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History of Barrett, the Honors College

October 07, 2009

An act of the Arizona Board of Regents created the Honors College at ASU on July 16, 1988. ASU and the Regents thus signaled that providing outstanding undergraduates exceptional educational opportunities is one of their highest priorities.

Among the first honors colleges in the U.S., ASU's Honors College quickly rose to a position of preeminence. Only six years after its creation, Money Magazine named it one of the top eight honors programs in the United States. The same year the Fiske Guide cited the Honors College as a principal reason for awarding ASU four stars for its academics and fourteen out of a possible fifteen stars overall.

In January of 2000, Intel CEO Craig Barrett and his wife Barbara, an ASU alumna, endowed the honors college with a $10 million gift for special programs. Barrett, The Honors College was named in recognition of the gift, which, at the time, was the largest personal gift ever given to ASU.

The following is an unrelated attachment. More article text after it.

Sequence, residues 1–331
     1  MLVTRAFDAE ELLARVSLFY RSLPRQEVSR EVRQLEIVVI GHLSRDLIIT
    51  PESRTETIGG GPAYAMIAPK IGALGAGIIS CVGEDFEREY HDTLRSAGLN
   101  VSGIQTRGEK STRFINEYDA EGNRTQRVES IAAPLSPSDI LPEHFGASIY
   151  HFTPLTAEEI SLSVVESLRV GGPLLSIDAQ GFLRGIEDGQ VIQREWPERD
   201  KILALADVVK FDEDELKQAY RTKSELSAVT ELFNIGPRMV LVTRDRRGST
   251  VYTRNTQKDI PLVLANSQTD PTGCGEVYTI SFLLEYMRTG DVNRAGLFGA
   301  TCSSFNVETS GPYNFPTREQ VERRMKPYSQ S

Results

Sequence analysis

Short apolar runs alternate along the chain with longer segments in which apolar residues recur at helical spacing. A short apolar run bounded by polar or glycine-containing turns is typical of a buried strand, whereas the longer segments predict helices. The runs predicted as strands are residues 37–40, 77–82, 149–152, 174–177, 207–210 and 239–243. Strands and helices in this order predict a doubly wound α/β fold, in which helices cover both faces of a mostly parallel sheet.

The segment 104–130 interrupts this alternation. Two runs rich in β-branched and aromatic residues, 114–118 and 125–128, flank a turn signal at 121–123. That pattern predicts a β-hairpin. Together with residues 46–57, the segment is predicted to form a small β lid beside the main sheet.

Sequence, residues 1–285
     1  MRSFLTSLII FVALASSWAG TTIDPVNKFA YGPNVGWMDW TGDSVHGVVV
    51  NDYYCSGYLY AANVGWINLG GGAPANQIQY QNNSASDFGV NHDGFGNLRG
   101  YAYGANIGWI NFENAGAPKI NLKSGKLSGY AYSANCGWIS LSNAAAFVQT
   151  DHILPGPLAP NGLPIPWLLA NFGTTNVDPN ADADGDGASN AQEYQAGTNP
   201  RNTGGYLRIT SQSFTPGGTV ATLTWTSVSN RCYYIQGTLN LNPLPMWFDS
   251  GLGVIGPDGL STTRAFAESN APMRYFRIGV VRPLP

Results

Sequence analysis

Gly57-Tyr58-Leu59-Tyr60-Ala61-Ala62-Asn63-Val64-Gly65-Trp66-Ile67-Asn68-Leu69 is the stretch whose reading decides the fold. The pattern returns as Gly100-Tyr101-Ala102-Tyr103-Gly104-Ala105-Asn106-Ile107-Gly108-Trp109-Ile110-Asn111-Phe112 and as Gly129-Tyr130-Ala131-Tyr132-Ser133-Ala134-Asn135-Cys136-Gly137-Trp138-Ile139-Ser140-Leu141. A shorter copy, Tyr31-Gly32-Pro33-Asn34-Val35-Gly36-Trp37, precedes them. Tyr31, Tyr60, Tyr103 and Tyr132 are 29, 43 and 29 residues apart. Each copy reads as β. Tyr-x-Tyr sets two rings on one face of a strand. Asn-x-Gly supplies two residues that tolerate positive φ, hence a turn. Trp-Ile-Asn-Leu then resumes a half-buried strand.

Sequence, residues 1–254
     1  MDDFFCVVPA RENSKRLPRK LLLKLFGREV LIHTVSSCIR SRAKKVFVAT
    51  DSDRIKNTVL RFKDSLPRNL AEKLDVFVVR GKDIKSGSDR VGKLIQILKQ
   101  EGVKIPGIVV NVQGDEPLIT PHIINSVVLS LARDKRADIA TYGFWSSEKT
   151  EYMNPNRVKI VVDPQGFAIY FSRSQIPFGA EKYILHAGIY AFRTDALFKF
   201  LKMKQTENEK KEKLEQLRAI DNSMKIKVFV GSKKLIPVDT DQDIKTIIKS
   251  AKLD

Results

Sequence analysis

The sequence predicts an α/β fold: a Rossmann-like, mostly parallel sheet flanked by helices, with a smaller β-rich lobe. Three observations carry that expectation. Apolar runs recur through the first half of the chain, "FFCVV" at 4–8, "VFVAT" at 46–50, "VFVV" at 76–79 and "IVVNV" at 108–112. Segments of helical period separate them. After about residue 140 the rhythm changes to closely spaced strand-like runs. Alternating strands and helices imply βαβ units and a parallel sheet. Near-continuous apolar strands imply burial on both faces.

The Barretts understood the gift would be used to expand scholarship offerings and implement student success programs such as grants to support undergraduate research and public service, study abroad, curriculum development and other special opportunities. They were surprised by ASU’s offer to name the school after them.

“The naming was a completely unexpected, out-of-the-blue honor for us,” said Barbara Barrett, who earned her bachelor’s, master’s and law degrees from ASU. “It is beyond our wildest dreams.”

The rumor at the time was that the Barretts, who were friends of then-ASU president Lattie Coor and his wife, made the gift offer in the Coor kitchen one night when Coor spoke of his dream of an endowment for the honors college.

Both of the Barretts had been strong supporters of ASU, serving on numerous committees. Craig Barrett, who has three degrees from Stanford and an honorary doctorate from ASU, said, “The Honors College at ASU fulfills a critical need in Arizona by preparing well-educated, technology-savvy, strategic thinkers who will fill the high-tech and leadership positions that are being created with the new economy. Great universities, like ASU, spawn new concepts, new products, new ideas and attract the best and brightest in students and faculty.”

The founding dean of the college, Ted Humphrey, now is a member of the faculty as the first Barrett Professor. The current dean, Mark Jacobs, joined the honors college in August 2003 from Swarthmore College, where he had been chair of the biology department, and associate provost of the college.